As a department, we are working to decolonise the way we teach, research, and work with one another. Our expertise is among the most diverse and wide-ranging in the country, stretching from the beginning of the second millennium to the present, and spanning much of the world – and we are committed to extending our coverage even further. Our collective engagement with such a broad swathe of human experience encourages us to reflect on how the study of history can promote empathy and respect for everyone and the ability to recognise and challenge injustice where it exists. It also encourages us to think about how we understand the past in different ways and from a range of different perspectives and intellectual traditions. For us, decolonising represents an opportunity to work with new frameworks and approaches, enabling a richer understanding of the processes and structures that have made our world what it is today – and what we can do to make it better. We welcome students from all backgrounds, from all parts of the country and world, and we endeavour to support and work with them to create a truly universal space of learning. We aim to provide an education which enables students to become empowered, thoughtful and ethically responsible global citizens, aware of their pasts, equipped to meet the challenges of an interdependent world, and able to work for a better future.
We believe that History research and teaching at university gives us new ways of looking at the world and can help us to build a fairer and more just society. Studying history demands empathy and respect for the experiences of people whose lives were and are different from our own. Engaging with the past in a rigorous, fair, and intellectually honest way can be one of the most important steps towards making a better present.
We also recognise that the modern academic discipline of History emerged in Europe during a period of increased nationalism and colonial exploitation, and that many of the fundamental structures of knowledge upon which it is built are influenced by a colonialist world-view: one that privileges the ideas, rights, and dignity of some groups of people above others. This includes the question of whose stories we choose to tell, but it also goes deeper. The very ways we are conditioned to look at and think about the past are often derived from imperialist and racialised schools of thought.
We recognise that History – and the legacies of its colonial foundations – constitutes one of the ways in which some groups of people have been, and continue to be, oppressed, ignored, or abused in our societies today. In solidarity with Black Lives Matter and other decolonial and postcolonial movements around the world, we also recognise that History can be an important tool for positive social change.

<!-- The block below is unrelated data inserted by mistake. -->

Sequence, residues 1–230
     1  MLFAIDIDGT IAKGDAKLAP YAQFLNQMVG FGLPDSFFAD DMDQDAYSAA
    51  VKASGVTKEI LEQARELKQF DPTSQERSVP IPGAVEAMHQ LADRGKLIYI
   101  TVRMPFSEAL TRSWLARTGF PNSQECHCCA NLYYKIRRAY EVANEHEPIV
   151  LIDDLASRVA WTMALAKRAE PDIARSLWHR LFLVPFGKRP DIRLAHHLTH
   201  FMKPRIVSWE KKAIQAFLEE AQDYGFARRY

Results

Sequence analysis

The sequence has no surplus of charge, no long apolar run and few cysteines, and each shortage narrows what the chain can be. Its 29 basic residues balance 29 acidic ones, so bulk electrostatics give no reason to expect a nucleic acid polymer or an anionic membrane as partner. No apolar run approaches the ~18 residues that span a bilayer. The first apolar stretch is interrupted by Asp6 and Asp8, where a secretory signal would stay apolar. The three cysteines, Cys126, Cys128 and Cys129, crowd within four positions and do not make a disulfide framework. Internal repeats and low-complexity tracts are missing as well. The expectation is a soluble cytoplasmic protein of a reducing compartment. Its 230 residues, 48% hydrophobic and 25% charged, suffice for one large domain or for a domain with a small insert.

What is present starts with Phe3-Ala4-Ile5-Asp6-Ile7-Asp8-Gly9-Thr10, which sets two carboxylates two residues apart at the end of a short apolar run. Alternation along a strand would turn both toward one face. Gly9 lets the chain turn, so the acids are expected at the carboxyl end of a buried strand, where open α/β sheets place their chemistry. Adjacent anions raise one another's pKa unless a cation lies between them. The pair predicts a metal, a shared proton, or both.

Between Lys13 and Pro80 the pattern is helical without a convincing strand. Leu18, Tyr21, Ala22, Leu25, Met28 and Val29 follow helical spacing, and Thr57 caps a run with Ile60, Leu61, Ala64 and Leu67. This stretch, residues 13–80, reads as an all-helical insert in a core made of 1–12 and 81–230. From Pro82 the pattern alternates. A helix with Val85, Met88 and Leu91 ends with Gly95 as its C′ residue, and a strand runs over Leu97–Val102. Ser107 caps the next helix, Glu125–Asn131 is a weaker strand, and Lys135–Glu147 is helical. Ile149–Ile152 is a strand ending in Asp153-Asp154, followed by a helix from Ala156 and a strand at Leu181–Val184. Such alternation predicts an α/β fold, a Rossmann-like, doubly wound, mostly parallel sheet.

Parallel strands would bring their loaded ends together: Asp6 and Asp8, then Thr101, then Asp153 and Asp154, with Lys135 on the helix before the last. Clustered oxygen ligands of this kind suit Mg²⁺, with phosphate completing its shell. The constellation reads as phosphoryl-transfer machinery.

We acknowledge that much writing and teaching in History departments today, even when purporting to have a ‘global’ focus, remains Eurocentric and thus skewed in its coverage, perspectives, and sympathies. Meanwhile, work focusing on Europe often ignores or downplays the importance of non-white actors in our shared past. We also recognise and abhor that racial prejudice continues to mar our discipline, from the under-representation of BME scholars on our reading lists and in our faculties to the day-to-day experiences of our colleagues. We recognise that the way we ‘do’ History, at Exeter as elsewhere, needs to change if we are to remain relevant, and help to address chronic and systemic injustices, in our increasingly connected and interdependent global society.
We are at the same time committed to a pluralist understanding of decolonising our curriculum and our research. Since the work of decolonising is not based on any particular political or ideological agenda, we recognise that there is no single way to accomplish it. Our approach rests upon the free and open exchange of ideas and perspectives in a common pursuit of understanding the past. This includes working with our students as co-producers of knowledge to create a collaborative and inclusive educational experience. At Exeter, ‘decolonising’ is about expanding, not narrowing, what we do as a history department.
We believe these changes need to go beyond simply diversifying our reading lists and footnotes. As a group, we are working to re-think our pedagogical and research methodologies to more fully avail ourselves of the tools developed by postcolonial, anticolonial, and decolonial scholarship, thus enabling a stronger and broader appreciation of the complexities of past societies and cultures.
This broad understanding is therefore important even in historical contexts where colonisation in its modern form did not exist. Indeed, crucial to our work is an examination of the non-western world on its own terms, including before the arrival of European explorers and imperialists. Similarly, the study of the world before the fifteenth century also requires placing western Europe in its proper perspective relative to contemporary ‘Great Powers’, such as the eastern Roman (Byzantine) empire or the Abbasid caliphate. This transnational approach to the medieval and early modern worlds also illuminates connexions of conquest, trade, and culture across the Mediterranean, the Eurasian steppes and ‘Silk Roads’, and the Sahara. Finally, decolonising reminds us of the fundamental work of historians of all geographical and chronological specialisms to uncover and re-present voices marginalised in our sources and subsequent historiography, for instance those of women, members of black and minority ethnic groups, peasants, and the urban poor.
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